UNHCR concerned about IDP backlash after attack in Ingushetia
GENEVA, July 16 (UNHCR) - The UN refugee agency has raised concerns about hostile reactions and pressure on internally displaced persons (IDPs) in Ingushetia following the June 21 attack that killed some 90 people in the Russian republic.
Some 50 IDPs were temporarily detained in the aftermath of the attack, but most of them have since been released. Five remain in detention, where they have been formally charged by the security services.
"Police operations and ID checks are still continuing in the temporary settlements, but we have not heard of any recent complaints of improper behaviour," said UNHCR spokesman Ron Redmond at a news briefing in Geneva Friday.
Of the approximately 50,000 IDPs from Chechnya who are currently living in Ingushetia, about half are ethnic Chechens while the rest are ethnic Ingush. Some 28,000 who are living in private accommodation have remained largely unaffected by the backlash, while some of the 24,000 living in 181 temporary settlements have faced pressure in different forms.
"It was reported that some local officials were applying heavy psychological pressure on IDPs to return home," said Redmond. "Local landowners, and in some cases local officials as well, threatened to evict IDPs from a number of settlements."
While only one settlement - MTF Altievo, where the five detainees were living - has been closed so far, 20 others hosting 7,800 IDPs are either under threat of eviction or are affected by utility cuts.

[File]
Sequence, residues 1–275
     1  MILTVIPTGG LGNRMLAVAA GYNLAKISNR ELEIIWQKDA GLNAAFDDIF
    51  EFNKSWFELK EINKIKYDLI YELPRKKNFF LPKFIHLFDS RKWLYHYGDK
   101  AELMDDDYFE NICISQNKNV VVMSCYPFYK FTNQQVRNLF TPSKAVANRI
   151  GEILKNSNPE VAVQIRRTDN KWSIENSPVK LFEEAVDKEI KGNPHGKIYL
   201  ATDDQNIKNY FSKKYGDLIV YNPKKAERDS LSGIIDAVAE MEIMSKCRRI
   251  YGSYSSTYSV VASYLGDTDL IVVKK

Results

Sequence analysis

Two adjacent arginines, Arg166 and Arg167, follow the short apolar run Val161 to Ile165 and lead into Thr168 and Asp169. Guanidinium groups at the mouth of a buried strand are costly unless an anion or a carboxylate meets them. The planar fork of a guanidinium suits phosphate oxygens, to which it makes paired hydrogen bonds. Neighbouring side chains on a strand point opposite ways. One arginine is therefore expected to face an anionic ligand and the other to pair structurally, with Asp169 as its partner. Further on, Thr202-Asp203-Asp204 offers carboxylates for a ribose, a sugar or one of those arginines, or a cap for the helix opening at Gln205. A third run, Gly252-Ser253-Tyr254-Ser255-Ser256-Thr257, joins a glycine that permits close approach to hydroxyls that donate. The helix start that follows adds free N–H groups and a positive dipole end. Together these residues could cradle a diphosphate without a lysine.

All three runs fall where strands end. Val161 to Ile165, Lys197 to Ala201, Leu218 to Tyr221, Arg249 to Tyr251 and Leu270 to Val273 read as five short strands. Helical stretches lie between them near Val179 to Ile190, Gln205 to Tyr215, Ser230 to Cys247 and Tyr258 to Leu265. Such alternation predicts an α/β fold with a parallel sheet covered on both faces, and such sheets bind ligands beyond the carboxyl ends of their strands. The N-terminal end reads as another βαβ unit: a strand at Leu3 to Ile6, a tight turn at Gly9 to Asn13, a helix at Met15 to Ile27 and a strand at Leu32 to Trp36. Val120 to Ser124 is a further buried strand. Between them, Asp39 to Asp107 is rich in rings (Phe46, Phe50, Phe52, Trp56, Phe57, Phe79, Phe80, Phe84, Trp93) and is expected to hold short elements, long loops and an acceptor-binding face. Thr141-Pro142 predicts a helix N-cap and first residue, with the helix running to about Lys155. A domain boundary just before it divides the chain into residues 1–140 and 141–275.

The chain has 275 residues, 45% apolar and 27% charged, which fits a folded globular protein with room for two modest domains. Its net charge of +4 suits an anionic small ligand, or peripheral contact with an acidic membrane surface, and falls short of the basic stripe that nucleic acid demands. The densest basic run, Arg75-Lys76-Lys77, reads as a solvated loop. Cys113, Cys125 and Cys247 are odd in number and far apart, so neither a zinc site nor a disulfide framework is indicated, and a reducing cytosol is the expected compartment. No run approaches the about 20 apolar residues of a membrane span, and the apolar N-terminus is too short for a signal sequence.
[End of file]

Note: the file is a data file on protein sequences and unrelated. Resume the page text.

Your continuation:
"As with the closure of the tented camps - the last of which was shut down in early June - the litmus test for voluntary return is the availability of alternative accommodation inside Ingushetia," added the UNHCR spokesman. "It seems that in some cases where eviction is still threatened, no alternative has been proposed apart from return to Chechnya."
The refugee agency has raised its concerns with the authorities in Ingushetia and Moscow. But its ability to intervene in Ingushetia has been hampered by the fact that its international staff have not been able to return to the republic since they were relocated to other parts of the Russian Federation after the June 21 attack.
"While some international NGO staff resumed working in Ingushetia at the end of June, UN international staff - including UNHCR - are still not back, since the authorities say they do not have sufficient armed guards to guarantee their safety," said Redmond. "UNHCR hopes that this situation will be resolved shortly, especially after a planned return of international staff this Wednesday once again failed to happen for the same reason."
Local UNHCR and NGO staff on the ground managed to resume monitoring in the settlements at the end of June. As of earlier this week, they had visited 54 settlements that together host some 18,000 IDPs.
In a gesture of support, the Head of the Ingush Migration Service visited several temporary settlements last week and reassured the IDPs there that the Migration Service would continue to support them.
Between 3,500 and 4,000 IDPs are estimated to have returned or applied to return to Chechnya since June 22 - only slightly higher than the high-end average monthly return.